Using engcon, the process of steering through the search space is incremental and typically exactly one solution is sought: the one best matching with a given set of requirements. Within this process user decisions and system decisions alternate within each step: a user decision is performed and the system computes consequences such as taxonomic inferences and constraint evaluation. After all consequences are computed the result is displayed to the user and another iteration cycle begins (Ranze et al., 2002).

23.4 System Integration

Typical encoway applications rely on a web-based architecture. A webserver runs the applications to which multiple clients can simultaneously connect via browser via the Internet. A database is used to store different kinds of data; for example, product master data, transaction data, or rich content (see also Sections 23.5 and 23.6). The standard software is 99% Java. Preexisting libraries that encode formulas and other configuration-relevant calculations and that are written in different languages, however, can be integrated for example by using Java Native Interface (JNI).

The customer’s system landscape, into which an encoway solution is integrated, has implications on data migration and modeling configuration knowledge. Figure 23.2 depicts the set of encoway tools grouped into build-time, run-time, production, and logistics as well as marketing tasks. We can see how data flows via the different tools such as K-Build, K-Connect for SAP LO-VC, or the IDoc-Server into the catalog during build-time and read from there during run-time by configuration applications. With this set of tools the whole system landscape is well supported.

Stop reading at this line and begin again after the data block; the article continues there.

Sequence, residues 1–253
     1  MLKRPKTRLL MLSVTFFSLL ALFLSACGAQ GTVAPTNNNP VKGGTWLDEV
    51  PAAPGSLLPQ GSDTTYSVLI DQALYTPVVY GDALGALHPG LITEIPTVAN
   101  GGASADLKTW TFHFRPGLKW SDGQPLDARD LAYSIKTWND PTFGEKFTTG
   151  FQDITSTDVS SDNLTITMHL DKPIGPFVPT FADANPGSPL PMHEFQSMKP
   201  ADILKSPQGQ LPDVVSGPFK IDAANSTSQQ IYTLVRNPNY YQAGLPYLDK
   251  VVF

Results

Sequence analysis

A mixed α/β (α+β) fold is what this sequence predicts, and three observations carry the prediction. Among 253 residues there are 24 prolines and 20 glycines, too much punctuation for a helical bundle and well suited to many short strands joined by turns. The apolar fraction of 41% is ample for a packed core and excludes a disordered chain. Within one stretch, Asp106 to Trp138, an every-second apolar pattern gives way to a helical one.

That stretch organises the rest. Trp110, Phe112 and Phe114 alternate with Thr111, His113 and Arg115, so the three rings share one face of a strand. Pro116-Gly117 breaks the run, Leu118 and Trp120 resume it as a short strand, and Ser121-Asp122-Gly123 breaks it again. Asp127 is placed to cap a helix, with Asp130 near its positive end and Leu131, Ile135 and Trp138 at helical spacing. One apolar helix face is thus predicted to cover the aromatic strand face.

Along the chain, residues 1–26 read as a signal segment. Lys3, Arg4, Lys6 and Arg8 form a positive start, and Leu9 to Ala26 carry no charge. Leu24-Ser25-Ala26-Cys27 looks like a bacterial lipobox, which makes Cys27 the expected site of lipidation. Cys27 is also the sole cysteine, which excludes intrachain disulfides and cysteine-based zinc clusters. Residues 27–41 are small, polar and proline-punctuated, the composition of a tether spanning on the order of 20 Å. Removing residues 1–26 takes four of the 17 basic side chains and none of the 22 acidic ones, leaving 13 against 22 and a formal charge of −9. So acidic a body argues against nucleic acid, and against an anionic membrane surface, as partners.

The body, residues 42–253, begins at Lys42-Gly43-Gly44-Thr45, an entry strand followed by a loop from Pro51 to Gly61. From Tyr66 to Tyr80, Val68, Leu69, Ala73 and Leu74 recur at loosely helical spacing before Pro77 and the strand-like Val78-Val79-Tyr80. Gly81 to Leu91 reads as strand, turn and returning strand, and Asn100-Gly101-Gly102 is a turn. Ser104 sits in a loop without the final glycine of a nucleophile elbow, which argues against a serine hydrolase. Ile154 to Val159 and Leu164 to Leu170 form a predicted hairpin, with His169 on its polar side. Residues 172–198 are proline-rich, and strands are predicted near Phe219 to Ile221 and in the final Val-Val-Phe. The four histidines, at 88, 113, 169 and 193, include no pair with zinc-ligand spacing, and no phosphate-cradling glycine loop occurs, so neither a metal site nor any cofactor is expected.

FIGURE 23.2 Big picture of the tool landscape.

Within most configuration projects encoway’s K-Build is used to model the application domain. But because of the fact that a lot of encoway’s customers use SAP systems, encoway has developed standardized tools and an SAP-conform inference engine in order to use preexistent product master data and configuration logic. Both ways of system integration are discussed in the following.

K-Build is one of the first tools developed at encoway and it is still in use. Like most of encoway’s applications, K-Build is a web-based tool that can be installed on a server and accessed from various clients as well as installed on single systems. encoway employees and customers use K-Build to build up configuration models. All configuration models generated with K-Build are based on the inference engine engcon. K-Build includes a test environment called K-Test for analyzing and debugging configuration models. The test environment shows a generic user interface in which every component type of the product model can be configured. All its attributes and parts are displayed with lots of information such as system states and reasons for value changes.

Via the tool K-Connect for SAP LO-VC 4 it is possible to extract knowledge from SAP systems, including procedures, and make it available for offline usage. While engcon is based on a strictly declarative way to represent and reason about configuration knowledge, SAP has different facilities. For more details on this topic see also Chapter 18.

In Section 23.2 we introduced the mechanism of separating product master data and configuration logic. This separation is achieved by sharing a common base of data: a catalog is used to structure the product master data and other information such as rich content. Thus, the catalog is the one place to manage product-related content, which prevents redundant data and improves maintainability. Integrating product master data from different source systems, or simply from files, is achieved by importing the data into the catalog and connecting to this catalog from the configuration model during run-time. This means that the actual master data does not need to be imported into the configuration model. The configuration model does not need to be changed when new revisions of master data are available within the source systems.